KE: And they only know their relationships are important, because they remember one another. You lose that, what are people, right? What do the relationships mean?
HP: Exactly. If they lose that, then everyone just becomes The Forgetters, who are just shells of themselves.
KE: Yeah. Emma had a grandmother who suffered from dementia, and I have a family member who suffers from short-term memory loss. It’s a really terrifying experience to speak to someone you love and be aware of things you’ve lost in them, because they are slipping away to an extent. I think anyone who’s dealt with a loved one suffering from dementia knows firsthand [that] it’s really tragic. And I think it’s something we all take for granted, but it’s not something to take for granted; it’s really a powerful thing in the mind that informs so much of who we are. So it was very close to home to both of us to explore this type of story. Our relationships are so important to us and to who we are and our quality of life, and we wanted to look at a world where you couldn’t take that for granted and make different choices accordingly. I think The Stranger really comments on that: When you realize that he isn’t affected by The Shred and that was a curse for him in some ways, because he had no way to remove the pain of the memories of losing everyone he loved.
HP: Right. It was the burden that carried with him, and those memories came into a space that was a sanctuary, where they were going off of their memories and their truth. So to have this unwelcomed intrusion would definitely stir up that disturbance.
KE: Did you find him to be a sympathetic character?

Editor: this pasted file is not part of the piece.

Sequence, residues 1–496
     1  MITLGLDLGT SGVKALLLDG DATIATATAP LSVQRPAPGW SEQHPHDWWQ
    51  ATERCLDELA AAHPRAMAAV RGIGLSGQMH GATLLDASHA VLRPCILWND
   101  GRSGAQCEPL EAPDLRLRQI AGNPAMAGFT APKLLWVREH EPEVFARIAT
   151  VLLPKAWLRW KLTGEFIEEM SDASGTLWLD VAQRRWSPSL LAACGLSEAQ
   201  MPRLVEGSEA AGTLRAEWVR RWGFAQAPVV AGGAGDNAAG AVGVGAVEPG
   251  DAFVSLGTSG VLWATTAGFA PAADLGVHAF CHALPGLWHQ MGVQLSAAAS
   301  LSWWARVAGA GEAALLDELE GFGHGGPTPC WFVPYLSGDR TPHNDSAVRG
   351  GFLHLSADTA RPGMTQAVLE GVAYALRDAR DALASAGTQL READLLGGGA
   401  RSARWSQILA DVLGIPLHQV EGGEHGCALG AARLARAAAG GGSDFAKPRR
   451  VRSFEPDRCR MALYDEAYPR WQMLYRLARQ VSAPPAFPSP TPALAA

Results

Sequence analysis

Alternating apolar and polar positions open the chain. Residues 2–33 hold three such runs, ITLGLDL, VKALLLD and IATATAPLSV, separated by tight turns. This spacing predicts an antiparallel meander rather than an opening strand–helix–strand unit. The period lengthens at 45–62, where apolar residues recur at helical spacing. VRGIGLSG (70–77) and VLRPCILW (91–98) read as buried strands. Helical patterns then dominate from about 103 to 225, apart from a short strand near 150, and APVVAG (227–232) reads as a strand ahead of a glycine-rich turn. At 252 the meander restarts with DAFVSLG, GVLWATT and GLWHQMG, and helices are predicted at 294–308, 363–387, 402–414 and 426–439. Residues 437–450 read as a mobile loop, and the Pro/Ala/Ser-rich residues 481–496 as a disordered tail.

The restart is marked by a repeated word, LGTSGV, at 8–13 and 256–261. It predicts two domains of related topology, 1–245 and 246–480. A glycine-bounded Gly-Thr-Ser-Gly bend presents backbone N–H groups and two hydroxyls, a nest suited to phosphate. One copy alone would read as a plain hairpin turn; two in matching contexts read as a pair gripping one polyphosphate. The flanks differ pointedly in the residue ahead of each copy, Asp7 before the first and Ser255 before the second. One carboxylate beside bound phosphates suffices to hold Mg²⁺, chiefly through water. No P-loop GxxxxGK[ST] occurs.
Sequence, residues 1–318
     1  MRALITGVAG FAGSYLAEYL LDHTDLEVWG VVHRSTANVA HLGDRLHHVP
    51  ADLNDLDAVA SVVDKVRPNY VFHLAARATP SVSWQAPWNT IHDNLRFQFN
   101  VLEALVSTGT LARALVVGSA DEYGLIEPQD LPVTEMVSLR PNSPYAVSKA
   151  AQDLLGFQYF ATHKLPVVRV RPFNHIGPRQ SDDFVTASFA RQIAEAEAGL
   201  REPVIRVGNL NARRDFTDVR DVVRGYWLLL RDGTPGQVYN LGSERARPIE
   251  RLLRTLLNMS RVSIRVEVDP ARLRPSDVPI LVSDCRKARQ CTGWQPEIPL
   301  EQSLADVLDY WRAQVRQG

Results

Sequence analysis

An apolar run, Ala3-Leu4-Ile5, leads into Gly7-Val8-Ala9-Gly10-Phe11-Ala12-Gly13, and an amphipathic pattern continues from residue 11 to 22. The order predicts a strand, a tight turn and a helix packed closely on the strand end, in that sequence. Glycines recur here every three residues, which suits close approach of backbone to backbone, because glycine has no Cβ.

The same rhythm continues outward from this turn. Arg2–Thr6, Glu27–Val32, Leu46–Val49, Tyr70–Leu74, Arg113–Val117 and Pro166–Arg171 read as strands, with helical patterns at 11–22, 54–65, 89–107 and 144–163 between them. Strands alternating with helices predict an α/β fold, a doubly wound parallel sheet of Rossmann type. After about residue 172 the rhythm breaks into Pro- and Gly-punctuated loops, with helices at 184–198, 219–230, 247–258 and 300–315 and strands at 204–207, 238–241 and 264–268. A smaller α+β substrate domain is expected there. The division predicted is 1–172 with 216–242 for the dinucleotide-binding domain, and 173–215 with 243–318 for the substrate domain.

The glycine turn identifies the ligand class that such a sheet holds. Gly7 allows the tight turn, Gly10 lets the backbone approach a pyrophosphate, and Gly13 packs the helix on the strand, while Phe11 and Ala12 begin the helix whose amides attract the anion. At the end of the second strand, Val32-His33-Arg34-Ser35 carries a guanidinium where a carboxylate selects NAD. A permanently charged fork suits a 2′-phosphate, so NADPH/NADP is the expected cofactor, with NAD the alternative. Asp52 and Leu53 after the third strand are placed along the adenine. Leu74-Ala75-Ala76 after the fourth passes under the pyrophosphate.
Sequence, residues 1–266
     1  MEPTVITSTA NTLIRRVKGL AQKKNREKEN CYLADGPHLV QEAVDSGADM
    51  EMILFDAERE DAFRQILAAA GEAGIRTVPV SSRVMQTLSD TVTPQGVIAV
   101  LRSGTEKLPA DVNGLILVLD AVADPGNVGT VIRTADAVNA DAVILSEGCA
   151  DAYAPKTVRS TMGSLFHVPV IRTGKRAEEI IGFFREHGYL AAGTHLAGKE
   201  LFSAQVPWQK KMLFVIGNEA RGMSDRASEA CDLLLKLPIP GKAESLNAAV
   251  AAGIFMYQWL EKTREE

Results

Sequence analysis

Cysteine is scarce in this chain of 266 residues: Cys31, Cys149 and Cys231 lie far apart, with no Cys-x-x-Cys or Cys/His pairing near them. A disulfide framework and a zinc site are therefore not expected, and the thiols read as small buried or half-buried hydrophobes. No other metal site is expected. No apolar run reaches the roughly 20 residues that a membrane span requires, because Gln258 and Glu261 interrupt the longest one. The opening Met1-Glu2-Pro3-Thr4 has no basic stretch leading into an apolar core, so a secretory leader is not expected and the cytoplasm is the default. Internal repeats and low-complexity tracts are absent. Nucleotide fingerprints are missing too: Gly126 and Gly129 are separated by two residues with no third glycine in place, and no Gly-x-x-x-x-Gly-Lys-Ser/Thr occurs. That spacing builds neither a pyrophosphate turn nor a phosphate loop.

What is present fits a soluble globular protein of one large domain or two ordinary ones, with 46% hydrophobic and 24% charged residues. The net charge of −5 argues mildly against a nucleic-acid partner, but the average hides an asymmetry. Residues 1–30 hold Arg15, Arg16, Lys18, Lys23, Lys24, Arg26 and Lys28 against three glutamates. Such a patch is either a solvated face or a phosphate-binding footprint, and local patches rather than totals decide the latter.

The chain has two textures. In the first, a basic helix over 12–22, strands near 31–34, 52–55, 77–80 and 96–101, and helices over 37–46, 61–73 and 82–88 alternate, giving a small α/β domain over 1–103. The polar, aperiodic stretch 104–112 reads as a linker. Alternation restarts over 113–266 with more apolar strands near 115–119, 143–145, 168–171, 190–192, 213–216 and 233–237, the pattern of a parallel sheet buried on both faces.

HP: There were moments I definitely did find him to be sympathetic, but then there were moments that I was very wary of his motives. [Laughs] Moments of sympathy, and moments of extreme doubt and questioning.
KE: That’s exactly what we wanted, so I’m thrilled. And the way that it ended, how did you feel about him in the end in terms of the choices he made for himself? Did you think it was forgivable?
HP: I think all the choices everyone made in the end, they felt were justifiable in their own minds. Because within their context and within themselves, I think they all felt that what they were doing was an ends-justify-the-means type of situation. That was very much how I felt about it.
KE: You don’t know how wonderful it is to hear that, because that’s exactly what we hoped would be the takeaway. We weren’t interested in any black-or-white scenario of good versus bad. I don’t think that really exists; it’s always shades of gray. We decide in the end what’s right and wrong. And I think in different contexts, what’s right in one context is wrong in the other and vice versa, right? I didn’t say that correctly, but you know what I mean. [Laughs]
HP: Since we were talking about memories, if The Shred was real, what memory of your own that you would not want to lose to it? One that really stands out as a significant memory that if you lost it, you would be devastated.